Critical altitudes

Discussion in 'Aviation' started by bob44, Jan 13, 2013.

  1. bob44

    bob44 Member

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    Iam looking for the critical altitudes for several fighters.

    Bf109E-K
    FW190A1-9 and Doras
    Spitfire MK1-14
     
  2. tomo pauk

    tomo pauk Creator of Interesting Threads

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    Engine's critical altitudes or fighter's critical altitudes? On what power setting?

    Anyway, for the Spitfires, you can check out the spitfireperformance web site, for the Bf-109 you can check out Kurfurst's site.
     
  3. Thorlifter

    Thorlifter Well-Known Member

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    I can understand critical altitude for an engine as it would at that level be deprived of oxygen and die. What is the definition for the plane itself? Is it when the air is no longer thick enough to provide lift?
     
  4. tomo pauk

    tomo pauk Creator of Interesting Threads

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    Critical altitude, or full throttle height, is the highest altitude where the engine's supercharger can produce the maximum boost, while the engine is still able to use that boost, on a specific power setting (in US parlance, that might be military power, or, maybe, war emergency power, if it is allowed for the specific engine). Eg. for the early F series V-1710, single stage, the critical altitude for military rating/setting was some 12000 ft. That is for the engine at the test stand, ie. the air is not forced into the intake prior entering the supercharger.
    The plane flying straight level will usually force, or ram the air into the supercharger (= ram effect), thereby 'elevating' the engine's critical altitude. In that case, the engine's critical altitude for, say, P-40E (having the V-1710 engine mentioned, military rating) will be maybe 14000 ft - a 2000 ft gain. The faster the plane goes, the higher the crit.alt. P-51Bs were able to add 4000-5000 ft to the engine's no-ram critical altitudes, while the P-39 and P-63 were lousy in that 'discipline', despite the decent speeds.
     
  5. bob44

    bob44 Member

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    I should add, the critical altitude at a combat or military power setting.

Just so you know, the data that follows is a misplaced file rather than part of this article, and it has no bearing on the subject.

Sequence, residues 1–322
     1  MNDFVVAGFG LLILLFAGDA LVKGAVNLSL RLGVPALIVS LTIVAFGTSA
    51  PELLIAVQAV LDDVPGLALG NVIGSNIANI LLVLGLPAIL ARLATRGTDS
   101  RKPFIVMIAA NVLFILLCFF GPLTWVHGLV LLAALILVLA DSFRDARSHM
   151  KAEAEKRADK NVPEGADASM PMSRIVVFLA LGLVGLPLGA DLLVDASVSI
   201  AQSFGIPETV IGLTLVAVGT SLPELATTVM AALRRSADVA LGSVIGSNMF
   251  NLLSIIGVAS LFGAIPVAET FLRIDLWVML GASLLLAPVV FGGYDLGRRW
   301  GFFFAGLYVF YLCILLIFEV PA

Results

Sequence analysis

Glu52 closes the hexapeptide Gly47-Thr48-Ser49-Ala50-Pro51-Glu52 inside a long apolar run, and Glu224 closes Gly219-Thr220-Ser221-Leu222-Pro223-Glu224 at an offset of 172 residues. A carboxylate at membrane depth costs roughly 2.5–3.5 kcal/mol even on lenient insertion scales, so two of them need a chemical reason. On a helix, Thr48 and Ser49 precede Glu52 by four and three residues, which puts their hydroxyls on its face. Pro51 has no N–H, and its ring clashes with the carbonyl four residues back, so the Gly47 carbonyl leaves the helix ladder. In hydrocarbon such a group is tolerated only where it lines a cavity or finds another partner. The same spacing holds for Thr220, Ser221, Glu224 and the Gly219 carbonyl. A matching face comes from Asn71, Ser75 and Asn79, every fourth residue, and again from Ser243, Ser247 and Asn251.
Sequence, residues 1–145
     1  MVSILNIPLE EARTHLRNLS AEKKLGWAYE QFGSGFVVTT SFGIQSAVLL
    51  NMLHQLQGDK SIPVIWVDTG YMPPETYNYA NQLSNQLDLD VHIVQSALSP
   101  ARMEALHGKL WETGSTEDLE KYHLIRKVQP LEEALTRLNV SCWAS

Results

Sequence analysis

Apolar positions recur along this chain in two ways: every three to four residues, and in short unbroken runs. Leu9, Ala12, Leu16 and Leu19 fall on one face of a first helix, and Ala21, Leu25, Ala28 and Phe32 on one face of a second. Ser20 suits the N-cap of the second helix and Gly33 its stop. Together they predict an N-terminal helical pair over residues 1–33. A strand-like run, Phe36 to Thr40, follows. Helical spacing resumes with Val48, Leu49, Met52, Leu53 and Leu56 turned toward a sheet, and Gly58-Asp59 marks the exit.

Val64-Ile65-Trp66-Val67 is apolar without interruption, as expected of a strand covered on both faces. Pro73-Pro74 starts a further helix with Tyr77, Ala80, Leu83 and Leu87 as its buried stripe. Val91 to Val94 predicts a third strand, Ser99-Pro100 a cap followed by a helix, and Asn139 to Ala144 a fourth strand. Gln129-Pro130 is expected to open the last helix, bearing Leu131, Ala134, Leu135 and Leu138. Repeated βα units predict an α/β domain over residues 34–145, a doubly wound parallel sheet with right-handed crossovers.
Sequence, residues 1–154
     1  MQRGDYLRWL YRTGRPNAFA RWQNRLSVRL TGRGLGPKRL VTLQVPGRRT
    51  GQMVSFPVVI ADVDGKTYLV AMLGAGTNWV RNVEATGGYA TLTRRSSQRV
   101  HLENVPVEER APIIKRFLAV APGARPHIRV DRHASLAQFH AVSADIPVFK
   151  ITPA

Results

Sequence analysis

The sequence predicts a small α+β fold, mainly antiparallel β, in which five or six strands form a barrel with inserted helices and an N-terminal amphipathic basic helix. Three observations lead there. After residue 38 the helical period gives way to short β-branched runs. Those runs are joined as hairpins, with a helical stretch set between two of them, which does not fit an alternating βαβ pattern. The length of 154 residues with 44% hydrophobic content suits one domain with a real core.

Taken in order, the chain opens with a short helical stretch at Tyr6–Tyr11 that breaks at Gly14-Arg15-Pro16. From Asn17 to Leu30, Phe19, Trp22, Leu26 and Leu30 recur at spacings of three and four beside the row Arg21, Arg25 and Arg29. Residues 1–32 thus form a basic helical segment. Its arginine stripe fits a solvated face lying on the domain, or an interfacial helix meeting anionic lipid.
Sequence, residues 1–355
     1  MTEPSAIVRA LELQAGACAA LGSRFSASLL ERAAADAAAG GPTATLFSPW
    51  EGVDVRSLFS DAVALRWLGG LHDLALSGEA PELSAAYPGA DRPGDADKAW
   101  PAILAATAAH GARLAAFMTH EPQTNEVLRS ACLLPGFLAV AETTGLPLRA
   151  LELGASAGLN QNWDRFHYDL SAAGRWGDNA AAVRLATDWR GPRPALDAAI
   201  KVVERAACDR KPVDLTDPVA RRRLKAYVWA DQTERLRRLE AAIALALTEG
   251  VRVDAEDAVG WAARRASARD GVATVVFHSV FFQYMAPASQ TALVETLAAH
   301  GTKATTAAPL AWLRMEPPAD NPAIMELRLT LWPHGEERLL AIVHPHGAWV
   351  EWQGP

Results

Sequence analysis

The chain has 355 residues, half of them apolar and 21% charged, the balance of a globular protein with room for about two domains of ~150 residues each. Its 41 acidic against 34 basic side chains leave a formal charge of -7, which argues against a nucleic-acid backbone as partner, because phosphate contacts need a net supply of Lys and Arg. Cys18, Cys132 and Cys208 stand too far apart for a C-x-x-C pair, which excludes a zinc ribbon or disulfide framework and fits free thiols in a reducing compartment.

6. Shortround6

    Shortround6 Well-Known Member

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    The altitude at which an engine would "die" (cease running) is thousands of feet (10s of thousands of feet?) above the altitude the plane will fly. It is generally considered to be somewhere around 55-56,000ft. That is the point at which the engine can no longer make enough power to overcome internal friction. Please note that this assumes the ignition system and fuel system are still operating properly, which they often didn't.

    the max height the plane can fly is much lower because the engine has to provide enough power (thrust) for the plane to maintain enough forward speed to maintain lift. Using the ever popular Spitfire as an example MAX altitude went from about 36,000ft to over 44,000 ft on the same wing because the later engines increase in power at altitude. This is despite the plane gaining around 1/3 in weight and so requiring about 1/3 more lift.


    Ceilings for planes were never really described as "critical", Specification sheets will give absolute or max ceiling (the altitude at which the plane can reach but can only fly straight and level at one speed. It is at full throttle and can go no faster and any reduction speed will cause a loss of altitude or stall), The will list a "service" ceiling which is usually the altitude at which the plane has enough power to still climb at 100ft per minute. Sometimes you can find the "operational" ceiling which is the altitude wher the plane has enough power to climb at 500 feet per minute. It is also the altitude at which a small formation of planes can operate at. Imagine a group of 4-8 planes in formation executing a 90 degree turn. The outside plane/s have to speed up in order to keep formation. They need enough extra power to do that.